This exploratory research focused on a problem stated years ago by Vannevar Bush: "The problem is how creative men think, and what can be done to help them think." The study explored the scholarly work process and the use of computer tools to augment thinking. Based on a review of several related literatures, a framework of 7 major categories and 28 subcategories of scholarly thinking was proposed. The literature was used to predict problems scholars have in organizing their information, potential solutions, and specific computer tool features to augment scholarly thinking. Info Select, a personal information manager with most of these features (text and outline processing, sophisticated searching and organizing), was chosen as a potential tool for thinking. The study looked at how six scholars (faculty and doctoral students in social science fields at three universities) organized information using Info Select as a personal documentation system for scholarly work. These multiple case studies involved four in-depth, focused interviews, written evaluations, direct observation, and analysis of computer logs and files collected over a 3- to 6-month period. A content analysis of interviews and journals supported the proposed AfFORD-W taxonomy: Scholarly work activities consisted of Adding, Filing, Finding, Organizing, Reminding, and Displaying information to produce a Written product. Very few activities fell outside this framework, and activities were distributed evenly across all categories. Problems, needs, and likes mentioned by scholars, however, clustered mainly in the filing, finding, and organizing categories. All problems were related to human memory. Both predictions and research findings imply a need for tools that support information storage and retrieval in personal documentation systems, for references and notes, with fast and easy input of source material. A computer tool for thinking should support categorizing and organizing, reorganizing and transporting information. It should provide a simple search engine and support rapid scanning. The research implies the need for tools that provide better affordances for scholarly thinking activities. digital.library.unt.edu/ark:/67531/metadc2258/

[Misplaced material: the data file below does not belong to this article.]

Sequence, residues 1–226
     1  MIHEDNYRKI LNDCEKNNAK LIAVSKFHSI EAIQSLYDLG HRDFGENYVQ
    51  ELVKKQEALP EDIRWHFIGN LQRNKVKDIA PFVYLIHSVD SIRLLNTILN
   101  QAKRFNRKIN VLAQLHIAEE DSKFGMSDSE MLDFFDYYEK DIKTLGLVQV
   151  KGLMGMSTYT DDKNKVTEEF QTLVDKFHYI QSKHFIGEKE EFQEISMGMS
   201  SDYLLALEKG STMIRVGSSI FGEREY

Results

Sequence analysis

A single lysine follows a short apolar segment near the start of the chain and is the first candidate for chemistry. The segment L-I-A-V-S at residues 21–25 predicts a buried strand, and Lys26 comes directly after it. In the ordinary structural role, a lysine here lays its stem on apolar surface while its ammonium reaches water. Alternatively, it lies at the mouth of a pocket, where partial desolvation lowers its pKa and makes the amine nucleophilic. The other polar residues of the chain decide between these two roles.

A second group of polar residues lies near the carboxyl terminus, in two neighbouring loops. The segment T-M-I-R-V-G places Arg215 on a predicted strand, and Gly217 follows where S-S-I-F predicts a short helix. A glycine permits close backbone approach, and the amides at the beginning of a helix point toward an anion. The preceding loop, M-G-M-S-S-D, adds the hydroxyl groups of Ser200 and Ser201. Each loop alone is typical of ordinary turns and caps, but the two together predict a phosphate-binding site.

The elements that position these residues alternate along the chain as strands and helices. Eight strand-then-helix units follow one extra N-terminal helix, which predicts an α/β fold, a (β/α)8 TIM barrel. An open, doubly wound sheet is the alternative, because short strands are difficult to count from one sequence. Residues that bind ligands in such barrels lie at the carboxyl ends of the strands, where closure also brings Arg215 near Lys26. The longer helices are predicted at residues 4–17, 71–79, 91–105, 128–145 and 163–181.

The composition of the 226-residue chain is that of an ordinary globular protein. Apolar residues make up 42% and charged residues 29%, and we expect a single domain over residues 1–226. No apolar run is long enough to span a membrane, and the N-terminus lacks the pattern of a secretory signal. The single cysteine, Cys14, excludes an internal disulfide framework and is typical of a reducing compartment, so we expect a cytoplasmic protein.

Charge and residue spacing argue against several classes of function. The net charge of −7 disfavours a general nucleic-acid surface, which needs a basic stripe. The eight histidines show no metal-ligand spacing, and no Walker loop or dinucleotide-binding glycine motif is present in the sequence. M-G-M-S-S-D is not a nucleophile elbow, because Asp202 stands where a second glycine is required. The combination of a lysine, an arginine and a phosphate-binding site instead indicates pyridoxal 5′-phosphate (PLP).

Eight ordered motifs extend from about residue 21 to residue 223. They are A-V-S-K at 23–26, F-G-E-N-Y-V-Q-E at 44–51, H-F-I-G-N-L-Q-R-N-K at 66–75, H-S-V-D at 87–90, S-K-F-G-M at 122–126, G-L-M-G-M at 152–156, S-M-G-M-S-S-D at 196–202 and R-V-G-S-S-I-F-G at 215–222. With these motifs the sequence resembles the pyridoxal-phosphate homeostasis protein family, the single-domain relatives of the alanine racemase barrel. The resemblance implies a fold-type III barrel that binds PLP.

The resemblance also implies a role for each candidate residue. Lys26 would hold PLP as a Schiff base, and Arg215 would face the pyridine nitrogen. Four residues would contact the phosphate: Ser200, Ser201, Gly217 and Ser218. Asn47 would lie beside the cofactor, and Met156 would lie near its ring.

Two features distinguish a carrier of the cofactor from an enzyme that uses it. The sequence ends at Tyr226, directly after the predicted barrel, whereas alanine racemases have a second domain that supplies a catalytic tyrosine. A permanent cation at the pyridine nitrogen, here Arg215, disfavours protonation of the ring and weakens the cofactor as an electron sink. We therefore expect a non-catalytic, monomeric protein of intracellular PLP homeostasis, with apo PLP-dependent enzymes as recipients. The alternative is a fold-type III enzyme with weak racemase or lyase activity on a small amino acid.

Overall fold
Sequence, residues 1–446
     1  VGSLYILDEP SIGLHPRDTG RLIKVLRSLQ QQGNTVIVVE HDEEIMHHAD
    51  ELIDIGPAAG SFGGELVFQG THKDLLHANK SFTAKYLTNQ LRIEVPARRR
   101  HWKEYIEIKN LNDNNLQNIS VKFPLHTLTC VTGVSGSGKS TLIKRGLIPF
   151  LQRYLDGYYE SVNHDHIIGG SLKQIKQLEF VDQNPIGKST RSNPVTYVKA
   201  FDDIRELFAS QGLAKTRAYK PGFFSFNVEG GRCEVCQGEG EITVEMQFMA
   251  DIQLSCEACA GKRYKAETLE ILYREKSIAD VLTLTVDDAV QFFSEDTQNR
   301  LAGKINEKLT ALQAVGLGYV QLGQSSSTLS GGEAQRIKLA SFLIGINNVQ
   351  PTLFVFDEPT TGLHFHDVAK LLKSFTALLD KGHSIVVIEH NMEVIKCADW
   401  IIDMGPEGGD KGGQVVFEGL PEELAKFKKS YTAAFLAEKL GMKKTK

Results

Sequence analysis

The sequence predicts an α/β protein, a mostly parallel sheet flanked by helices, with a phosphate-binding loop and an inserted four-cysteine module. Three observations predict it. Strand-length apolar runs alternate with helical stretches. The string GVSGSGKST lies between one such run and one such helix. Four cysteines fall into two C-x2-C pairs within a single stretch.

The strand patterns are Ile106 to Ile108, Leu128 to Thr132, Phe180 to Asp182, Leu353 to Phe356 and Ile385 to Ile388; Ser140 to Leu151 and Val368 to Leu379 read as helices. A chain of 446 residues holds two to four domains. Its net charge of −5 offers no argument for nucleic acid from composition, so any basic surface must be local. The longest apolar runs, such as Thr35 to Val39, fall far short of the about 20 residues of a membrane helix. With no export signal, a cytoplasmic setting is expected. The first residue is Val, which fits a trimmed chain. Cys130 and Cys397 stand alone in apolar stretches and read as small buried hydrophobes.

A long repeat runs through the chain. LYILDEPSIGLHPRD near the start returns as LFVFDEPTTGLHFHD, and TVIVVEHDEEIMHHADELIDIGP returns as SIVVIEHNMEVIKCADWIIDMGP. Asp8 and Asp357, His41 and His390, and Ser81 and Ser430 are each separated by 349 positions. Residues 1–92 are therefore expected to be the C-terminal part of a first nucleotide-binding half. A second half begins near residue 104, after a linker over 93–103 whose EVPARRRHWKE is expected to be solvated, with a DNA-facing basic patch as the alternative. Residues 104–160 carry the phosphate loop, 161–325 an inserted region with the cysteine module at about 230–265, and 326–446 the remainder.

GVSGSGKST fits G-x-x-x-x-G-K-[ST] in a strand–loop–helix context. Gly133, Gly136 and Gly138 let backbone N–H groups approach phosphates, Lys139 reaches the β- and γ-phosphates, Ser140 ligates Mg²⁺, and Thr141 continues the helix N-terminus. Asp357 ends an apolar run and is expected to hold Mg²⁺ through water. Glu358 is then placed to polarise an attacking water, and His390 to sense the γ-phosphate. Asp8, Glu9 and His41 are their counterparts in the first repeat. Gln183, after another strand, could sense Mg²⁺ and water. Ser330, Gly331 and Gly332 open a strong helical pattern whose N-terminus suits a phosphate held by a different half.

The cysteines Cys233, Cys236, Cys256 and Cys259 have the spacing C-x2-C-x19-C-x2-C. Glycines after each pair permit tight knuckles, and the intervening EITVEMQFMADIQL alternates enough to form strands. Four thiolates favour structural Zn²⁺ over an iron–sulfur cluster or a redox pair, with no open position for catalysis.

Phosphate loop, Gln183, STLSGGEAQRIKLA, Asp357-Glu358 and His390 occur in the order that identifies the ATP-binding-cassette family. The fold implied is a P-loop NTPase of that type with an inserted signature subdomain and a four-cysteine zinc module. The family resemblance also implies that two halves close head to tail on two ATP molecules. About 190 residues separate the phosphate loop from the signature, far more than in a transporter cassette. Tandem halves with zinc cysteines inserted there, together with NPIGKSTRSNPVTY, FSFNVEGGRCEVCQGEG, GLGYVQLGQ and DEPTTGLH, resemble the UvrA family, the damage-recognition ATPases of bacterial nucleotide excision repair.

Syllabus for Advanced Placement Biology
The purpose of this syllabus is to provide a working copy to those teachers of the advanced placement biology course taught at the high school level. Reference materials used were the Texas Education Agency ( TEA ) approved Campbell text Biology and the College Board's, Advanced Placement Biology Laboratory Manual. The syllabus is divided into major topics with outlined notes and includes laboratory exercises as recommended by the College Board. The AP biology course is intended to be equivalent to college biology. College freshman biology courses can differ among colleges and among teachers within the same college. This syllabus is intended to serve as an aid to AP teachers, to cover the topics and experiments as set out by the College Board, and to the high school student, the necessary material to successfully complete the AP examination while providing freshman biology equivalence. digital.library.unt.edu/ark:/67531/metadc2203/